New in National Review: A ‘No Buy’ List for Suspected Terrorists Would Be Constitutionally Reckless

June 16th, 2016

National Review has published my essay about the dangers of the proposed “no buy” list for suspected terrorists. (It is based on a post I wrote earlier this week). Here is the introduction:

‘What could possibly be the argument,” President Obama asked in his December 2015 address from the Oval Office, “for allowing a terrorist suspect to buy a semiautomatic weapon?” Hillary Clinton agreed. “If you’re too dangerous to get on a plane, you’re too dangerous to buy a gun in America,” she tweeted. In the wake of the recent terrorist attack in Orlando, politicians on both sides of the aisle have proposed expanding the “no fly” list to a “no buy” list for guns. (Senators Mark Kirk and Pat Toomey, and Representative Pete King are among the Republican supporters of the idea.) At first glance, this plan seems like a pragmatic, and even unimpeachable method to protect the homeland. As usual, the devil is in the details.

The “no buy” list would allow the government to silently infringe on the constitutional rights of U.S. citizens based on clandestine proceedings before a secret court. This civil-liberties nightmare is constitutionally reckless. Such Kafkaesque proceedings were once the bête noire of the Left. No longer, since gun-controllers see national-security conservatives as potential collaborators—a classic “Bootlegger and Baptist” coalition. Those on the right who preach fidelity to the Constitution should resist the Siren’s call and refuse to strengthen this dystopian regime.

Regardless of how it is crafted, this proposal suffers from three fatal flaws.

First, there is serious reason to question the validity of these behind-closed-door proceedings. A strongly worded 2011 decision by Judge John D. Bates charged that the National Security Agency had repeatedly mislead the FISC on its oversight of domestic surveillance and had violated the Constitution for years. If Edward Snowden’s revelations have taught us anything, it’s that secret proceedings can and will be abused, especially if motivated by the administration’s political agenda. Jeh Johnson, Secretary of Homeland Security Security, has recently taken the position that “meaningful gun control has to be a part of homeland security.” This changed tact is part of President Obama’s long game on gun control—because passing new laws is impossible, the administration prefers to add more and more people to prohibited lists.

Further, imagine the same sort of power in the hands of a Trump administration. Federal agents could clandestinely deny Muslim men — who are disproportionately represented on watch lists — of their civil rights based on unimpeached conjecture. (A good reality check for the next few months is to ask yourself whether you would want a President Trump exercising the same power as President Obama).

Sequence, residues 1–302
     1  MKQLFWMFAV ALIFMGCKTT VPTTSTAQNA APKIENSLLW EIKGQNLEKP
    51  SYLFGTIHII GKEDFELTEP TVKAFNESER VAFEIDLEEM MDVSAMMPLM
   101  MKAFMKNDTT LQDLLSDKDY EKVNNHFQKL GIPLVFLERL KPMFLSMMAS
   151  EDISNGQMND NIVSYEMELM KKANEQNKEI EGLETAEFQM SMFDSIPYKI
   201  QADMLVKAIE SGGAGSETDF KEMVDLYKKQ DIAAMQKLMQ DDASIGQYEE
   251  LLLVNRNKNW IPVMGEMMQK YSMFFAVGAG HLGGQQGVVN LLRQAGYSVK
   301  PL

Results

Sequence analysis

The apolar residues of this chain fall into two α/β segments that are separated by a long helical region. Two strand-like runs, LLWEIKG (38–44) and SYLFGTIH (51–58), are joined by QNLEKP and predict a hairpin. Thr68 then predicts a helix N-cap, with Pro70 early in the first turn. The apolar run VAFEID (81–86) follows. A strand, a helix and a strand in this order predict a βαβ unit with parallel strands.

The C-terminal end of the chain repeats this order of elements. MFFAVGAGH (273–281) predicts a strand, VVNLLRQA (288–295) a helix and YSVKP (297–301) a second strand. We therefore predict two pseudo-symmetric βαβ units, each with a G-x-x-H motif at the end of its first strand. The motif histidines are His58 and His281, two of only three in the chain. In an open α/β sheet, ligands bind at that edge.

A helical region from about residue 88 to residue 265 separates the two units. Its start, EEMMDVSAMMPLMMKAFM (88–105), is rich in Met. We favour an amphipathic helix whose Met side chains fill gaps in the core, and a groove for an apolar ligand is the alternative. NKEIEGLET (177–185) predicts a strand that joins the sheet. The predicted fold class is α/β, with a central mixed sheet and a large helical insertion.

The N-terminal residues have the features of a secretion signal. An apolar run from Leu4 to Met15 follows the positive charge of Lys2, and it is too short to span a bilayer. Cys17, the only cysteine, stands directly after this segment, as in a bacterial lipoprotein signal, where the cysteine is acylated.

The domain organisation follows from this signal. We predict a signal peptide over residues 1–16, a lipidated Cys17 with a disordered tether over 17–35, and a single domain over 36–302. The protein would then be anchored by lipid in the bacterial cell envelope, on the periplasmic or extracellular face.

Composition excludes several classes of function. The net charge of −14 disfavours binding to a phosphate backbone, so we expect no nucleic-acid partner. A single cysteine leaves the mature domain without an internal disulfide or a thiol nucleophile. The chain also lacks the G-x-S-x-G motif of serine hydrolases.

Second, even assuming that the evidence is valid, the standard is flawed. Under the Fourth Amendment, if the government can demonstrate to a judge that “probable cause” exists to investigate a person, the police are allowed to search and seize specific evidence in limited places. The Founding Fathers, hardened by King George’s rapacious tax collectors, permitted these temporary searches only to pursue an actual conviction with proof beyond a reasonable doubt. Suspects are not sent to jail based on “probable cause.” This lax standard cannot support a limbo-like dilemma, where a person does not know when his constitutional right was violated, and when — if ever — it may be restored.

Third, and perhaps most troubling, there is no meaningful judicial check on such one-sided proceedings. During these Star Chamber–like inquisitions, only the government can present arguments. The accused, unaware of the hearing, is unable to challenge the government’s evidence. In all likelihood, he would learn of his inclusion only when he flunked a background check. Further, any conceivable appeals process would invariably shift the burden onto the accused to demonstrate why his civil rights ought to be restored. This gets our system of justice absolutely backwards. Under the Constitution, it’s the government that must bear the burden of persuasion when infringing a fundamental constitutional right. Finally, this sisyphean task would be all but impossible for the accused, because the government will not even introduce classified information into the relevant court. Imagine trying to contest evidence you can’t review, relying only on a summary of the charges against you! Meanwhile, during this arduous appeals process—the no-fly list case has been pending in court for over six years—innocent people will have their civil rights trampled on.

I am still stunned that progressives, who for years railed against warrantless wiretaps and secret proceedings before the Foreign Intelligence Surveillance Court have now embraced this Star Chamber because it advances a gun control agenda.